Study: Relation Between Video Games And Attention Disorders
We've seen more than a few recent studies that have turned out in the gamer's favor but this one...well, not so much.
According to GamePolitics, the latest bit of research from Iowa State University documents a distinct link between "frequent" video game playing and Attention Deficit Disorder (ADD). The title of the study was, "Video Games and Cognitive Control," and it was designed to test the affect of game playing on two types of cognitive activity: proactive and reactive. Proactive is apparently a "preparation" mechanism, where we get ourselves ready for what's coming up around the next corner. Reactive is exactly what it sounds like. Now, there were two groups - the "frequent" players and the "occasional" players - and both were asked to perform the Stroop task. This tests both aforementioned attention types with brain waves and responses; for the exact details of this test, head through the link above. As for the results, while reactive control was similar in both groups, the "frequent" gamers exhibited "significantly diminished proactive attention." From the press release:
"These data reveal a reduction in brain activity and disruption of behavior associated with sustained attention ability related to video game experience, which converges with other recent findings indicating that there is a relation between frequent video game playing and ADD."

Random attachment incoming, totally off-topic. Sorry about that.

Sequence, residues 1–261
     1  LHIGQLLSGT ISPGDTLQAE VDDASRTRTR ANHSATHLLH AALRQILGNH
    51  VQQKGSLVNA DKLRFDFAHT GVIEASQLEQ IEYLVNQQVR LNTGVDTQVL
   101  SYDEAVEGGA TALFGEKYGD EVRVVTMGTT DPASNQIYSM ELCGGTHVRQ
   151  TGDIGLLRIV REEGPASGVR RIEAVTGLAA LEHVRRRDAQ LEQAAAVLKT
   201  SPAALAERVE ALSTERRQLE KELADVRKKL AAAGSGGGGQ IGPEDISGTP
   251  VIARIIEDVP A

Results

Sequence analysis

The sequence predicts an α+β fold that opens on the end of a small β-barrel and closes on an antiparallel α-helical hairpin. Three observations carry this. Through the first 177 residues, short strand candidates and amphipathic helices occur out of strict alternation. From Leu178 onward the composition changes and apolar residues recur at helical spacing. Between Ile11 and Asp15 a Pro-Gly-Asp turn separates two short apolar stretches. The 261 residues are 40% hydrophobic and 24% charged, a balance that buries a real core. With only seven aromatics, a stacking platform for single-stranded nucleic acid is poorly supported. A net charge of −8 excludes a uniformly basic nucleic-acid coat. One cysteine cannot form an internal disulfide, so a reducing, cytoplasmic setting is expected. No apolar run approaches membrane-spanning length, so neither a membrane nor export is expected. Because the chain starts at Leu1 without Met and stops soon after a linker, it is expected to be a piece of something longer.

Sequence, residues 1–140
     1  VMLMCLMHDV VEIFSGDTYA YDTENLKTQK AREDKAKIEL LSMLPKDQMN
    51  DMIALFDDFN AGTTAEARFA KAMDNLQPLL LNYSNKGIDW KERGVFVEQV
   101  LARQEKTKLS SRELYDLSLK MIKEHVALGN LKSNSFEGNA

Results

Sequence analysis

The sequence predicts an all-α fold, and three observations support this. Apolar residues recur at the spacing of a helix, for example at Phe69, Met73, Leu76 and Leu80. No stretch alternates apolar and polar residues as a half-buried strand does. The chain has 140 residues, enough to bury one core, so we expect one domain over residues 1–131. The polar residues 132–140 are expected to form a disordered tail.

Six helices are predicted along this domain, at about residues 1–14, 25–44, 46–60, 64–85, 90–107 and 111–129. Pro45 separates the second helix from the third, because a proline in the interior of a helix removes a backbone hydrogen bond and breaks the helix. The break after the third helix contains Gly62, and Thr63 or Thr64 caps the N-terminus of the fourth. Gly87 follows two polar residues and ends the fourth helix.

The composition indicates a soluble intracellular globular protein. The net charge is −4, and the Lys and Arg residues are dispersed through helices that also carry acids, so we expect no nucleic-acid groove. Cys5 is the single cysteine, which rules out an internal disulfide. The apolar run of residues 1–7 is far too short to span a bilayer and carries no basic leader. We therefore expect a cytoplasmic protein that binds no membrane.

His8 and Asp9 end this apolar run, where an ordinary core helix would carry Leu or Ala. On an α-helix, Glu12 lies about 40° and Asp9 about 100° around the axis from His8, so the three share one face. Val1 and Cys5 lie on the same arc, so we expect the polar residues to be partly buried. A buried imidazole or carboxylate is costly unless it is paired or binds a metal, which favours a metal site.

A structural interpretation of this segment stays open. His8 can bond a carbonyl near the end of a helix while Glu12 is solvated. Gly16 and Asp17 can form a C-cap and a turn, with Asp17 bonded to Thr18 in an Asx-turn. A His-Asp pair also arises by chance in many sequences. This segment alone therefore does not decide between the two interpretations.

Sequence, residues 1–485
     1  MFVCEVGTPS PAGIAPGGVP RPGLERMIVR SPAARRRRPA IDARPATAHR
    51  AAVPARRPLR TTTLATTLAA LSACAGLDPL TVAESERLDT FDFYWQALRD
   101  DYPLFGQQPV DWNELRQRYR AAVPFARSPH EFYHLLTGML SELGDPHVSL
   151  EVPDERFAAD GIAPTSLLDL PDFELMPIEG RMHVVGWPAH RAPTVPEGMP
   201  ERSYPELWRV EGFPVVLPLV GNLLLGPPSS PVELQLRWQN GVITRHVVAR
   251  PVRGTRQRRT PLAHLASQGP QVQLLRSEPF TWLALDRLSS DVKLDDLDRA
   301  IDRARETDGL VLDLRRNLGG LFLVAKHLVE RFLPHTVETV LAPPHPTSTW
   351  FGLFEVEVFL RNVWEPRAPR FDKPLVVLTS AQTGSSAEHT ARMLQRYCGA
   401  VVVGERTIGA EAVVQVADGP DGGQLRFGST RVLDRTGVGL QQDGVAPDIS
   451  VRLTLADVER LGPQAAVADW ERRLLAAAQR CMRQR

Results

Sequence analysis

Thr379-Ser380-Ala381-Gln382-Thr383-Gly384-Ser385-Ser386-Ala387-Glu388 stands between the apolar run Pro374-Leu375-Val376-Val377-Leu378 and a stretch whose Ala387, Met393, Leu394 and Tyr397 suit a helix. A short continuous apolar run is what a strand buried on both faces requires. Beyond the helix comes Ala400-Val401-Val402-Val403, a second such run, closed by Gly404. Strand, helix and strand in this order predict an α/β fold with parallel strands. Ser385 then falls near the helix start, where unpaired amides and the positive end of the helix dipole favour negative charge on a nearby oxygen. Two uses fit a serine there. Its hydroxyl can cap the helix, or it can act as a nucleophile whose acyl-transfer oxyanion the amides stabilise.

They admitted the study had "a few limitations," but they said the results should refute claims that game playing somehow "improves attention." For the record, I don't believe that's what others have been claiming; they talk more about increased reaction time and even better puzzle-solving abilities, for example. Personally, I'm not surprised at the results of the study, as there seems to be an ever-increasing number of gamers out there who can't even sit through a 2-minute cut-scene or 10-second loading screen without becoming annoyed. At this point, I wonder what might happen if we ever had to go back to reading text rather than simply listening to voices...these days, I think most gamers would just skip it all.
Of course, I've always been in the minority. Considering what I read, I seriously doubt that 25 years of gaming has affected my attention. I do believe, however, that it can affect the attention spans of younger people.
10/15/2009 10:47:53 AM Ben Dutka